Skip to main content
main-content

13.02.2019 | Original Article | Ausgabe 3/2019

Metabolic Brain Disease 3/2019

Evidence for an association of serum melatonin concentrations with recognition and circadian preferences in patients with schizophrenia

Zeitschrift:
Metabolic Brain Disease > Ausgabe 3/2019
Autoren:
Cigdem Sahbaz, Omer Faruk Özer, Ayse Kurtulmus, Ismet Kırpınar, Fikrettin Sahin, Sinan Guloksuz
Wichtige Hinweise
Omer Faruk Özer and Ayse Kurtulmus contributed as joint second authors

Publisher’s note

Springer Nature remains neutral with regard to jurisdictional claims in published maps and institutional affiliations.

Abstract

Melatonin, a neuro-differentiation factor, may play a role in the neurodevelopmental origins of schizophrenia. Cognitive impairment and decreased melatonin are reported in schizophrenia; however, the relationship between them remains unclear. We hypothesised that patients with schizophrenia would have lower concentrations of circulating melatonin than healthy controls and that melatonin levels would be associated with cognitive impairment. This study included 47 patients with schizophrenia and 40 healthy controls (HC). Serum melatonin concentrations were measured using the enzyme-linked immunosorbent assay. Positive and Negative Syndrome Scales (PANSS), The Morningness-Eveningness Questionnaire (MEQ), Pittsburgh Sleep Quality Index (PSQI), the Stroop and Oktem verbal memory processes (VMPT) tests were applied. Patients with schizophrenia had lower levels of melatonin compared to the HC group (p = 0.016), also after controlling for age, sex, and body mass index (BMI) (p = 0.024). In patients with schizophrenia, melatonin concentrations were associated with higher BMI (rho = 0.34, p = 0.01) and lower MEQ score (rho = −0.29, p = 0.035). The patient sample was split into low and high melatonin categories by using the median melatonin concentration in HC as the cut-off. Patients in the low melatonin group had poorer performance in VMPT-Recognition (p = 0.026) and Stroop-Colour Error (p = 0.032). Notwithstanding its limitations, the findings of this exploratory study suggest that decreased serum melatonin concentrations observed in schizophrenia might also be associated with cognitive impairment and circadian preferences. Future studies are required to investigate the role of melatonergic pathways in patients with schizophrenia.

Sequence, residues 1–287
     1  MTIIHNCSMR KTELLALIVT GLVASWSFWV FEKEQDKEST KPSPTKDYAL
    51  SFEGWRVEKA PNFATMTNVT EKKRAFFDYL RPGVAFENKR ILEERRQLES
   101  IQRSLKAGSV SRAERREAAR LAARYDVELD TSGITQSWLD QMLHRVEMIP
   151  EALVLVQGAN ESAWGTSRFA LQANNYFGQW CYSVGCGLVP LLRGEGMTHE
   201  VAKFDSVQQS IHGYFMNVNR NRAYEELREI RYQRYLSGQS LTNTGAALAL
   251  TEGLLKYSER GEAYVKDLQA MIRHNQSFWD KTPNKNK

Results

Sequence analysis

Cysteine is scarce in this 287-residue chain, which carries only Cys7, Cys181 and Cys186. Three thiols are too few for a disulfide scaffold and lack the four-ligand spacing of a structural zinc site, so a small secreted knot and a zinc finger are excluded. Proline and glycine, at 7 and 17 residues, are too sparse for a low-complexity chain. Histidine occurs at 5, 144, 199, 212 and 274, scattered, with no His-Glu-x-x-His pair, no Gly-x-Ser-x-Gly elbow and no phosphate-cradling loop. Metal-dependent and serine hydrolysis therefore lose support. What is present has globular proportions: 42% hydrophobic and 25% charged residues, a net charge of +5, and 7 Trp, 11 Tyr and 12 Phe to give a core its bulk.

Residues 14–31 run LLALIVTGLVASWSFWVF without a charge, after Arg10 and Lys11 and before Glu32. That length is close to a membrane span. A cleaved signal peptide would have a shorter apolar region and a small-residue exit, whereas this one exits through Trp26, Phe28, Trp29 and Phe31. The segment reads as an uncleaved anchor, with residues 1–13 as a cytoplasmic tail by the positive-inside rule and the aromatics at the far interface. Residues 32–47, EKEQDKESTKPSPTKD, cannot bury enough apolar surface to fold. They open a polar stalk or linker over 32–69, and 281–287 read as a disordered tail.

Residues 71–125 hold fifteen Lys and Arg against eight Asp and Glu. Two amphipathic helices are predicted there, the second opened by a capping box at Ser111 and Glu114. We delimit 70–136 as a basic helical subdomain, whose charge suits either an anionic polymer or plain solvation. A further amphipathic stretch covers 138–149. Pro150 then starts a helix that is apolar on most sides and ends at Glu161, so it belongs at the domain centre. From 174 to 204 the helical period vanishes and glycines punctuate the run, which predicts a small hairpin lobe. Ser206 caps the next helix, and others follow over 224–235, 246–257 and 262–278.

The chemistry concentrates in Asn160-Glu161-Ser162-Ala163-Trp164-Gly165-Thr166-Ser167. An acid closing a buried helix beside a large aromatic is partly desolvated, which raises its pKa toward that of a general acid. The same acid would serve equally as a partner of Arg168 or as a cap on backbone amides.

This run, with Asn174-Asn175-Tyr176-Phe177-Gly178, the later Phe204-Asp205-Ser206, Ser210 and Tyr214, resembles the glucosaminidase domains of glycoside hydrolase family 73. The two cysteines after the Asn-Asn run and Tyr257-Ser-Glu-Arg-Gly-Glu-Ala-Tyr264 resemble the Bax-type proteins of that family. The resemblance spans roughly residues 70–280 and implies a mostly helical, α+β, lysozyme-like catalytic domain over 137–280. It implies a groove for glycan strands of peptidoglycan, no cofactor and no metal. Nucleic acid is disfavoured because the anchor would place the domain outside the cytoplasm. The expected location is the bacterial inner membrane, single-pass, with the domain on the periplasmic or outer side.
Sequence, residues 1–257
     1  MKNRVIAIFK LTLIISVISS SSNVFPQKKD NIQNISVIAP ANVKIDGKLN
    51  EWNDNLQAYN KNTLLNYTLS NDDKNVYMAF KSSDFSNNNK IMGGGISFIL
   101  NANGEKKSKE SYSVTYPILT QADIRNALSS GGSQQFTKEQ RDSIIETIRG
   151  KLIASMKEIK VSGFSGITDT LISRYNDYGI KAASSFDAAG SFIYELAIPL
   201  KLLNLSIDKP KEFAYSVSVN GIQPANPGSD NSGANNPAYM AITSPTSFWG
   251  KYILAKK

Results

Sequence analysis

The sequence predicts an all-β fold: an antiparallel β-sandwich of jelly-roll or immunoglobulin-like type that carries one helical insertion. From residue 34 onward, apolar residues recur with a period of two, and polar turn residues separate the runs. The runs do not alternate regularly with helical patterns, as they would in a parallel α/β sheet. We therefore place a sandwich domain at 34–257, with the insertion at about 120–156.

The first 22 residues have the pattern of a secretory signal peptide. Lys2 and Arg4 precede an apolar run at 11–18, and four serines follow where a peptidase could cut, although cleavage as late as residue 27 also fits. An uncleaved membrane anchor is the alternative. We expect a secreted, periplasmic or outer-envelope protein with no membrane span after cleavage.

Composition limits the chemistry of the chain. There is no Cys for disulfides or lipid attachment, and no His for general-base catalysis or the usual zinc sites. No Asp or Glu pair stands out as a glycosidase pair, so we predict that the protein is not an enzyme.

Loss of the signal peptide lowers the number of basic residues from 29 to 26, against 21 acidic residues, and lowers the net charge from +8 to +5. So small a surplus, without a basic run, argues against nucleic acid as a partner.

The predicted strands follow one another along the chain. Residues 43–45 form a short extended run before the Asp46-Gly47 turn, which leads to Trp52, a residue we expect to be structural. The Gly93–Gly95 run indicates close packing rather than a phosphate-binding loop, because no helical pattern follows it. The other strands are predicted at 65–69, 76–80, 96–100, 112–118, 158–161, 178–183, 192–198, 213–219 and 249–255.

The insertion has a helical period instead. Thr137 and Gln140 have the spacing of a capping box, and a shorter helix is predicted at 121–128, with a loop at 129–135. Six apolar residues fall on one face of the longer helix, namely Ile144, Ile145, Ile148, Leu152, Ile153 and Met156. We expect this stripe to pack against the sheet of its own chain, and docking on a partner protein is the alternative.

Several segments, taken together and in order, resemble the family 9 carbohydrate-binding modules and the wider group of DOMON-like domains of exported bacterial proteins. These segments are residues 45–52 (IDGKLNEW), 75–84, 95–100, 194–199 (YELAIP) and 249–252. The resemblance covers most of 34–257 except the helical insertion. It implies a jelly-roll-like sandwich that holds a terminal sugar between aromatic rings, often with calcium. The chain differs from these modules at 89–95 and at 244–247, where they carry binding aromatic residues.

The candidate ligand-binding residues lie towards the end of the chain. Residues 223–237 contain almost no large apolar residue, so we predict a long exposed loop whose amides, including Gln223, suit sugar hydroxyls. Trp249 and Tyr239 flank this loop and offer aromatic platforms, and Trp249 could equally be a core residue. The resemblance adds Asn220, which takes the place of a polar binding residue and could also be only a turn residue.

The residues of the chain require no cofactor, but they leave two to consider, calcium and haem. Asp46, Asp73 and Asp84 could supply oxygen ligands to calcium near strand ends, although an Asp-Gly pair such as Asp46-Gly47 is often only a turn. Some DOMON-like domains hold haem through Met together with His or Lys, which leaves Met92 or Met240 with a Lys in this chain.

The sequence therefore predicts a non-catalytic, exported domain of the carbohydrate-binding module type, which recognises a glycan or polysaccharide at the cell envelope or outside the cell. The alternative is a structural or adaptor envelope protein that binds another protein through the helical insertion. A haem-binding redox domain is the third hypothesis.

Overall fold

Bitte loggen Sie sich ein, um Zugang zu diesem Inhalt zu erhalten

★ PREMIUM-INHALT
e.Med Interdisziplinär

Mit e.Med Interdisziplinär erhalten Sie Zugang zu allen CME-Fortbildungen und Fachzeitschriften auf SpringerMedizin.de.

Jetzt e.Med zum Sonderpreis bestellen!

Sichern Sie sich jetzt Ihr e.Med-Abo und sparen Sie 50 %!

Weitere Produktempfehlungen anzeigen
Literatur
Über diesen Artikel

Weitere Artikel der Ausgabe 3/2019

Metabolic Brain Disease 3/2019 Zur Ausgabe
  1. Sie können e.Med Neurologie & Psychiatrie 14 Tage kostenlos testen (keine Print-Zeitschrift enthalten). Der Test läuft automatisch und formlos aus. Es kann nur einmal getestet werden.

  2. Sie können e.Med Neurologie 14 Tage kostenlos testen (keine Print-Zeitschrift enthalten). Der Test läuft automatisch und formlos aus. Es kann nur einmal getestet werden.

  3. Sie können e.Med Psychiatrie 14 Tage kostenlos testen (keine Print-Zeitschrift enthalten). Der Test läuft automatisch und formlos aus. Es kann nur einmal getestet werden.